Most deaths, the survey found, were due to maladies that are easily preventable and treatable in other parts of the world, such as malaria, diarrhea, respiratory infections and malnutrition. Less than 2 percent of the deaths were caused by violence.
All of which suggests the need not only to stop the violence (curtailing the trade in small arms would be a helpful start there, many say) and create incentives for peace, but also to reinvent the way we deliver refugee aid.
(Don't, by the way, miss the interactive graphics on the NYT site...)
Interesting approach. Of course this is about the consequences of war, while the priority should go to preventing war. But that's stating the obvious.
Sadly, there's no reason for optimism, judging the cynicism surrounding, say, Congo (4 million people died there in the worst war since WWII).
Honestly, there are 100,000 people working in the conflict prevention industry on this planet, and another 200,000 in the post-conflict industry, but there's no political will to intervene when a conflict has broken out, and there's even less sérieux when it comes to addressing the real causes of modern wars in the developing world.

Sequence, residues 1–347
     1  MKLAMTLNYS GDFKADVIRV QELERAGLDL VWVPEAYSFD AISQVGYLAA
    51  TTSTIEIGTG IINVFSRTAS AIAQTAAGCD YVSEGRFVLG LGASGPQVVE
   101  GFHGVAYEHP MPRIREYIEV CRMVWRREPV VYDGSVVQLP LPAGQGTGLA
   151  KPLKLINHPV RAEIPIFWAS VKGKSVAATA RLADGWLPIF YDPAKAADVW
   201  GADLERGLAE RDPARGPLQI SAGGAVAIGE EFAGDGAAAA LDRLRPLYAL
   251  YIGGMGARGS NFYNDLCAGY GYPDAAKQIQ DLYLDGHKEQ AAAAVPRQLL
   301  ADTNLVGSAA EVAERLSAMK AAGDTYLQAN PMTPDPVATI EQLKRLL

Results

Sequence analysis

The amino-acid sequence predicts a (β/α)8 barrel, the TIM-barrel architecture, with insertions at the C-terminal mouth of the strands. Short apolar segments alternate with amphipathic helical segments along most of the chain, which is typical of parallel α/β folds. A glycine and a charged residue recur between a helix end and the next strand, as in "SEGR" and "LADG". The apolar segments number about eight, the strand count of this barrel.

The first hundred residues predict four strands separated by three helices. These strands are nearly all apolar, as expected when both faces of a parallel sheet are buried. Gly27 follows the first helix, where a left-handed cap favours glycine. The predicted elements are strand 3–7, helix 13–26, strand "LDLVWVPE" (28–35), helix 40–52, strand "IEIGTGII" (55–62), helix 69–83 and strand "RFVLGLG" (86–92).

My country (Belgium) recently decided to allow a Belgian weapons manufacturer to build a small arms factory in Tanzania, the guns of which will certainly end up killing people in neighboring Congo. Can we get any more surreal?
Hi Alex There is perhaps no more important consideration for achieving environmental sustainability than to study the psychological dynamics that lead to war, because those same dynamics to a degree underpin the massive drive to accumulate wealth that locks us in to an increasingly industrialized and ecologically destructive mode of life. I know that many people in WorldChanging are optimistic about nanotechnology and other aspects of increased design efficiency. This is good, but we need to come to terms with the fact that to a significant extent business leaders, political leaders and the mass of the general populace in United States are literally insane, driven by motives whose origins they have not a conscious clue about.
If one really wants to get into this, two key books are Lloyd deMauses Foundations Of Psychohistory and his recent The Emotional Life Of Nations. The thesis in brief is that child abuse and inadequate parental nurturing creates internal psychological dynamics that readily manifests as war. The constructive implication: invest massive amounts in helping young parents learn to tap into their nurturing side, and to curtail their impulses to discipline children by hitting them. There are successful programs in the United States and in Australia that do this. In Colorado they have produced measurable reductions in teenage delinquency.